Skip to main content

Pupils: Nutrition

Question for Department for Education

UIN 156463, tabled on 20 April 2022

To ask the Secretary of State for Education, what steps he is taking to encourage healthy eating in primary schools.

Answered on

27 April 2022

School food is a devolved matter. This answer only applies to England.

The department supports the provision of nutritious food in schools to enable pupils to be well nourished, develop healthy eating habits, and concentrate and learn in school. The government does this by providing the Requirements for School Food Regulations 2014 (school food standards) to ensure the provision of healthy school food, providing free school meals to every pupil in reception, year 1 and year 2 and providing free school meals to the most disadvantaged pupils.

The school food standards regulate the food and drink provided at both lunchtime and at other times of the school day. This includes breakfast clubs, tuck shops, mid-morning break, vending, and after school clubs. Compliance with the standards is mandatory for all maintained schools, including academies and free schools.

Schools also provide children with a free piece of fruit or vegetable each day through the School Fruit and Vegetable Scheme, jointly funded by the Department for Education and the Department for Health and Social Care.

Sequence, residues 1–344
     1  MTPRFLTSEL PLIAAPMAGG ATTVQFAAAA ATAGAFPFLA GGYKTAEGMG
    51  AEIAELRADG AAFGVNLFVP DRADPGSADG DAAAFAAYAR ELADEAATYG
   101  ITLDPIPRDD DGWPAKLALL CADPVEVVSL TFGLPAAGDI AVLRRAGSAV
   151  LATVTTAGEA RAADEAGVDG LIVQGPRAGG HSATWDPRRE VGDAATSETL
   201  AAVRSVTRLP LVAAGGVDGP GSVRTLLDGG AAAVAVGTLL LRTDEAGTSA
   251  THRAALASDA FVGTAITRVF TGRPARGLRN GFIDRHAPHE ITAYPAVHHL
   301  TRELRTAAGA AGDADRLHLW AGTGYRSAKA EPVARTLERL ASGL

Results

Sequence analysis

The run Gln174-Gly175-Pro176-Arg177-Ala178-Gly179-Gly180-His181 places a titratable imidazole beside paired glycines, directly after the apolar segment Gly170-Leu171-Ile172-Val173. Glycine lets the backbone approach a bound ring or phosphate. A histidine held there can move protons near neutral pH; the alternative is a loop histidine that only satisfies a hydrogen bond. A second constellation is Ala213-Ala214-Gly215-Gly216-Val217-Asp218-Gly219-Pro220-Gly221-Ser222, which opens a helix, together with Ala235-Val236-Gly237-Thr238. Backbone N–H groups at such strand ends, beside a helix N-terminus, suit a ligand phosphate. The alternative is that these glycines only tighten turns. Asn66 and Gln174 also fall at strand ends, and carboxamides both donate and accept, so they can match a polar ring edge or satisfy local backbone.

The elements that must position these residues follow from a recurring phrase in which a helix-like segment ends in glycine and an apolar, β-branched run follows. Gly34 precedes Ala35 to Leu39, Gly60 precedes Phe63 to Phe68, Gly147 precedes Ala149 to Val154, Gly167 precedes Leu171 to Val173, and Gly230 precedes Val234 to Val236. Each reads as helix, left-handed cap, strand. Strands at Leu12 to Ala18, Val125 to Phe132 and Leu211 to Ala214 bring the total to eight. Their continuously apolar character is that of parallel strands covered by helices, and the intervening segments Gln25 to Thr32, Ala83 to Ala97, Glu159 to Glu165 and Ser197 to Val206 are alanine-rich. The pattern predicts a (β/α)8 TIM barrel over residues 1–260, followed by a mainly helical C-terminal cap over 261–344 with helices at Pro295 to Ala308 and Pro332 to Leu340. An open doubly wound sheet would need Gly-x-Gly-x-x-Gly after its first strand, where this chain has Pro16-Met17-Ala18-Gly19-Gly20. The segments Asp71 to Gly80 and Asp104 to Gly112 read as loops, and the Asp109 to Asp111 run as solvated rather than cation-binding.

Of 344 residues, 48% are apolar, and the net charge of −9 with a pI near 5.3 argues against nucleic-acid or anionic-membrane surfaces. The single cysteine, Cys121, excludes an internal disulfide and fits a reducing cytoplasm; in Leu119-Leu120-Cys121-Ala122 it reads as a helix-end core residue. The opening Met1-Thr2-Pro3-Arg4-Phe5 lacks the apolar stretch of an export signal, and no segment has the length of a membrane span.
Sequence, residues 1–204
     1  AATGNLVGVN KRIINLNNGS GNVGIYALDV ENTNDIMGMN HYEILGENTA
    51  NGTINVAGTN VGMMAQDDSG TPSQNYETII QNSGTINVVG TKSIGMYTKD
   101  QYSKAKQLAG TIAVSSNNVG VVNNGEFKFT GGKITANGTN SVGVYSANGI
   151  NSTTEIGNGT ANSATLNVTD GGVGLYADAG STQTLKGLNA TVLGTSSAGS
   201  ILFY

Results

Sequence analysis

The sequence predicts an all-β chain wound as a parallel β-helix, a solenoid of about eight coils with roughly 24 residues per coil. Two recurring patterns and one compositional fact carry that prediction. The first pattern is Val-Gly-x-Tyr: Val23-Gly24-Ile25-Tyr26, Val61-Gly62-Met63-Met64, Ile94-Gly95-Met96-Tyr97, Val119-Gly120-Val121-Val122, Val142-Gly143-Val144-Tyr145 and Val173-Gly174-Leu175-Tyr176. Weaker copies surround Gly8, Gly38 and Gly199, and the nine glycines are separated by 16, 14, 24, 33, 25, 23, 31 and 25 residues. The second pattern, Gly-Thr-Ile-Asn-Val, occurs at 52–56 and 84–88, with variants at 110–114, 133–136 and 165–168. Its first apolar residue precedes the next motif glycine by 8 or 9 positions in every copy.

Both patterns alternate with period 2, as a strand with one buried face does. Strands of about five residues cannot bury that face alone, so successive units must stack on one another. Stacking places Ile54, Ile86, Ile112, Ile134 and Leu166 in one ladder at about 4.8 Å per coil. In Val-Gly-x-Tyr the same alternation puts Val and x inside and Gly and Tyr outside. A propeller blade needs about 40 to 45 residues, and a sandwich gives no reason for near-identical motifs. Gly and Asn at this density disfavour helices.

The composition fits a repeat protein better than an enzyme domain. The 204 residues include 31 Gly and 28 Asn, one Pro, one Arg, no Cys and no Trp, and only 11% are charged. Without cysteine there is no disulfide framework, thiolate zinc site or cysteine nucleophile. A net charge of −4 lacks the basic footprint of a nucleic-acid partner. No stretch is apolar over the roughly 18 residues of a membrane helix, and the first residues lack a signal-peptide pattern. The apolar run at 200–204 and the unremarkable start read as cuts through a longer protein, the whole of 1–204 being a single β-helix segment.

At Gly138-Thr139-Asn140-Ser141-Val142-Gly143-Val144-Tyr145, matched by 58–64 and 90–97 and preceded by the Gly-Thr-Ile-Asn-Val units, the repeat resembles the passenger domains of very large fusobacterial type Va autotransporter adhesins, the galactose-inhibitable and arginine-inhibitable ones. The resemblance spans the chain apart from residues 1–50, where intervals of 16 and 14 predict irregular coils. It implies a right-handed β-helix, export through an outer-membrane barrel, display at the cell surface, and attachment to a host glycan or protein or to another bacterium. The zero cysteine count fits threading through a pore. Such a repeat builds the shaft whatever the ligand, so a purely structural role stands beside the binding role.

In February 2022, the Levelling Up White Paper outlined a number of things the department is doing to strengthen adherence with the school food standards. This includes piloting work with the Foods Standards Agency, investing up to £200,000 in a pilot governor training scheme, and encouraging schools to complete a statement on their school websites setting out their school approach to food. The government will say more about these in the forthcoming Food Strategy White Paper.

Since September 2015, Ofsted inspectors look at how provision supports pupils’ knowledge on how to keep themselves healthy, including through exercising and healthy eating. Healthy eating and opportunities to develop pupils’ cooking skills are covered in the design and technology curriculum in Key Stages 1-3. The principles of a healthy and varied diet are also covered in health education, which became compulsory in state-funded schools in England from September 2020.